Sunday, December 17, 2017
 

Biomass conversion is the transformation of feedstock into fuel, electricity, or other consumable forms of energy. First generation technologies for biofuels production included the conversion of corn and sugar to ethanol and vegetable oils to biodiesel. The second generation of technologies will avoid the "fuel vs. food" competition and will include gasification, pyrolysis, and biochemical methods of producing end use energy products and co-products from fiber and lower valued end-products.

Value-added Co-products from Biofuel Residues

Biofuel production processes generate considerable amounts of low-value residues such as stillage (starch-to-biofuel), vinasse (sugar-to-biofuel), algal biomass, crude glycerol and seed cake/meal. These residues streams often pose disposal burden to biofuel plants. Our research group has been working to convert these low-value residues into high-value fungal protein.

  • Stillage/Vinasse: These are liquid streams left after the recovery of biofuel. Biofuel production processes generate considerable amounts of high-strength waste stream such as stillage from corn-ethanol (6 to 7 L/L ethanol) and vinasse from sugar cane-ethanol (8 to 15 L/L ethanol). The high organic matter, and macro- and micro-nutrient contents of stillage, and vinasse coupled with low pH makes these streams an ideal substrate for growing edible fungus Rhizopus oligosporus. Fungal processing could potentially improve the economics of biofuel industries as the protein-rich fungal biomass can be formulated to produce high-value aquaculture and animal feeds, especially for monogastrics, providing a market value close to $500 to 700 per dry ton. The effluent following fungal treatment can be recycled back as process water for in-plant use.

Fungal cultivation on thin stillage (left) and vinasse (right).

  • Crude glycerol:Crude glycerol is a co-product of oil/fat-to-biodiesel production process. On a weight basis, every 100 lbs of biodiesel produced, 10 lbs of crude glycerol is generated, which is equivalent to 0.09 kg glycerol per L biodiesel. Our research group has been successful in converting the crude glycerol to fungal biomass.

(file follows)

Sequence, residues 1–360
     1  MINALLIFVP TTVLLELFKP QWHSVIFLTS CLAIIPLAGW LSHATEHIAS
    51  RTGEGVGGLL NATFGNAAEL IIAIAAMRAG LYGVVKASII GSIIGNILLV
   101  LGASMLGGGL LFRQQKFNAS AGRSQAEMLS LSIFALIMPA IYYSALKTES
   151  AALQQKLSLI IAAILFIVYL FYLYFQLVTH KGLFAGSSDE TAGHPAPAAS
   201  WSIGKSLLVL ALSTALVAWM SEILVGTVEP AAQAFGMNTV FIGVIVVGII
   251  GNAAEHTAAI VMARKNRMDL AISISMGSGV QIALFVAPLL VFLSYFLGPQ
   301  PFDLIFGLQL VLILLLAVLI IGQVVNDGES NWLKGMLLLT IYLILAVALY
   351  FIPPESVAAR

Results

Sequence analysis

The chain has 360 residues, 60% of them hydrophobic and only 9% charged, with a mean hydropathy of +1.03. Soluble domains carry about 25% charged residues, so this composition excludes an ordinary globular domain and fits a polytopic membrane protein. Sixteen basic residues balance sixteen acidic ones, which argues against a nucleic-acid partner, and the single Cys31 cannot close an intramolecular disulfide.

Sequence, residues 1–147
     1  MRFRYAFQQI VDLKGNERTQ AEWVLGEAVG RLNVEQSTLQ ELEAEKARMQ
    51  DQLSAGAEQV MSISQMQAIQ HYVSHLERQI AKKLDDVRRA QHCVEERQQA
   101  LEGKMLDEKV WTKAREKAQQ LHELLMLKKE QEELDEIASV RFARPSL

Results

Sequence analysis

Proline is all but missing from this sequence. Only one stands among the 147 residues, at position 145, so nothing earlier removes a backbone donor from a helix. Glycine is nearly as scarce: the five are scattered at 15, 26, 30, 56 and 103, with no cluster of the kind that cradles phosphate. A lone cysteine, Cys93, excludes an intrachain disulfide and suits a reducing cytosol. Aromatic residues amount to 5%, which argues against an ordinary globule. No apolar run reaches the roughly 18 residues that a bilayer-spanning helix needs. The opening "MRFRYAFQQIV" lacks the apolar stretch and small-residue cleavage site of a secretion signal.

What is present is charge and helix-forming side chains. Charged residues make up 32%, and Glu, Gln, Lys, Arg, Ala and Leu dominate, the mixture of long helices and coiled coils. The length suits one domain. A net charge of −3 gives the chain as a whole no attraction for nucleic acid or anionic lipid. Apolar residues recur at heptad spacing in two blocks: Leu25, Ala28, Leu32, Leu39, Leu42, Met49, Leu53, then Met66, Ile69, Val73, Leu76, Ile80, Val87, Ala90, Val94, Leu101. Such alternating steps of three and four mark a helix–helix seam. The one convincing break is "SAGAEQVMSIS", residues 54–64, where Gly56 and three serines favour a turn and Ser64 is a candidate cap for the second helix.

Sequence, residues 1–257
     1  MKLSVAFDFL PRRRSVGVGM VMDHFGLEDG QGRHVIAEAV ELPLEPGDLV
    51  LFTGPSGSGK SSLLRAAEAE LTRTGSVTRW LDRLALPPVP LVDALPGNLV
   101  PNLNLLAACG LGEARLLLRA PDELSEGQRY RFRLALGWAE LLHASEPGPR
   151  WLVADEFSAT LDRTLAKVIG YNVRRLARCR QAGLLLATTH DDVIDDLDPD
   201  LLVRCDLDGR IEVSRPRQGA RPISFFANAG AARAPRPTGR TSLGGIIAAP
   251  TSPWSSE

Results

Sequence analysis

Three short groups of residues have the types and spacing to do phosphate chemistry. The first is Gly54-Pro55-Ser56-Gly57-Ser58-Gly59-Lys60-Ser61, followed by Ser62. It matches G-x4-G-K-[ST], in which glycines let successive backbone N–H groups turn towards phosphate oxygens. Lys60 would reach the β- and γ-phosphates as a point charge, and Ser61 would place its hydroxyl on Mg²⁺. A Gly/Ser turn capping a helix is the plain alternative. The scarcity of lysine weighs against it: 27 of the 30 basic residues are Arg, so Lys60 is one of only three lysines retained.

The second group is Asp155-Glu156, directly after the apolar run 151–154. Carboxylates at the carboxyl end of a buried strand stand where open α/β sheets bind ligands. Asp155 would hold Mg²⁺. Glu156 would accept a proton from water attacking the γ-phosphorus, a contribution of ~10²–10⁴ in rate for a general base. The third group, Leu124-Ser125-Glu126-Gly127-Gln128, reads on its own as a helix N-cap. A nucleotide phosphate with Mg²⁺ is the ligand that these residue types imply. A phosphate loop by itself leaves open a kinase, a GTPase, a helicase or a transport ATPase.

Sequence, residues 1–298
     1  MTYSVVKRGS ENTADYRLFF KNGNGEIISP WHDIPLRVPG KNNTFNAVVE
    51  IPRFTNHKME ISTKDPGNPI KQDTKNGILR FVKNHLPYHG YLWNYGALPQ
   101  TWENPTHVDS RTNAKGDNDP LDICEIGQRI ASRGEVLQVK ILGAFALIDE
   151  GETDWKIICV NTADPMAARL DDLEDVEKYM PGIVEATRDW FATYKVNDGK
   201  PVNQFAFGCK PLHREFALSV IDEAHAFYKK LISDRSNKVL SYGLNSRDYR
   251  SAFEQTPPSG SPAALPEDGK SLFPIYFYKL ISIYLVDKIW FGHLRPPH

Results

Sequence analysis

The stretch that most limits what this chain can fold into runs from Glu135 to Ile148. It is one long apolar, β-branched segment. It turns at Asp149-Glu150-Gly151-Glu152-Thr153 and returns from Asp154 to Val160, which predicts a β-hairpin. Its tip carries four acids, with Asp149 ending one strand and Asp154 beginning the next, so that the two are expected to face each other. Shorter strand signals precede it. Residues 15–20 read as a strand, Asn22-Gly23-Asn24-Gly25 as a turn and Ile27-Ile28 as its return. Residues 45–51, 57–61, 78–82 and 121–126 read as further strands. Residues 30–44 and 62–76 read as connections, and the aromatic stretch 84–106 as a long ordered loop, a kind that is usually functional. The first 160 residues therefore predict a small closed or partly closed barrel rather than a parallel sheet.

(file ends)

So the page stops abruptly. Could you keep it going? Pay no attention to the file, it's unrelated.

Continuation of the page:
Fungal cultivation on biodiesel-derived crude glycerol (left)
and the glycerol sample & fungal protein product (right).
  • Jatropha seedcake/meal: The biodiesel production from Jatropha generates a huge amount of Jatropha seed cake (650-700 kg seed cake/metric ton seed). The cake is non-edible due to the presence of toxic/antinutritional factors such as curcin, phorbol esters among others. However, Jatropha seed cake contains a high protein of excellent quality. Hence, it is indeed desirable to develop the strategies for detoxification and meaningful utilization of Jatropha seed cake. There are many detoxification methods reported wherein chemical, organic solvents and microbial fermentation has been used. However, the reported methods are either economically not viable or result in considerable loss of protein. We are developing biological detoxification method using edible fungus. The Jatropha cake/kernel meal acts as a substrate for solid state fermentation to simultaneously detoxify the Jatropha cake/meal and improve protein content. The detoxified cake/meal could be used in animal feeds.  The generation of high-valued feed from Jatropha cake/meal, which would enhance economic viability and sustainability of Jatropha-based biofuel production systems

Defatted Jatropha seed cake (left) and fungal

cultivation on the seed cake after two days (right).


The fungal biomass had a relatively high protein content of 43% (dry weight) with various essential amino acids, including 1.8% lysine, 1.8% methionine, 1.5% threonine, and 0.3% tryptophan. In another study, our group was also successful in cultivating fungal biomass on sugar-based biofuel residues, vinasse. The fungal biomass was found to contain 40 - 45% crude protein, and 4 to 5% crude lipid with significantly high amino acids, lysine, arginine, and threonine. We also developed complete essential amino acid profiles for fungal biomass, and the essential amino acids in fungal biomass were comparable to commercial animal and aquaculture feeds.


Freeze-dried fungal protein from cultivating fungus on vinasse.


It is also important to mention that nutritious food-grade fungal biomass could also possibly be processed into an inexpensive dietary protein supplement for human consumption in the developing world. This will certainly have significant positive impact on the issue of food and feed versus fuel currently facing the biofuel industries.


Schematics of Jatropha seedcake detoxification step 

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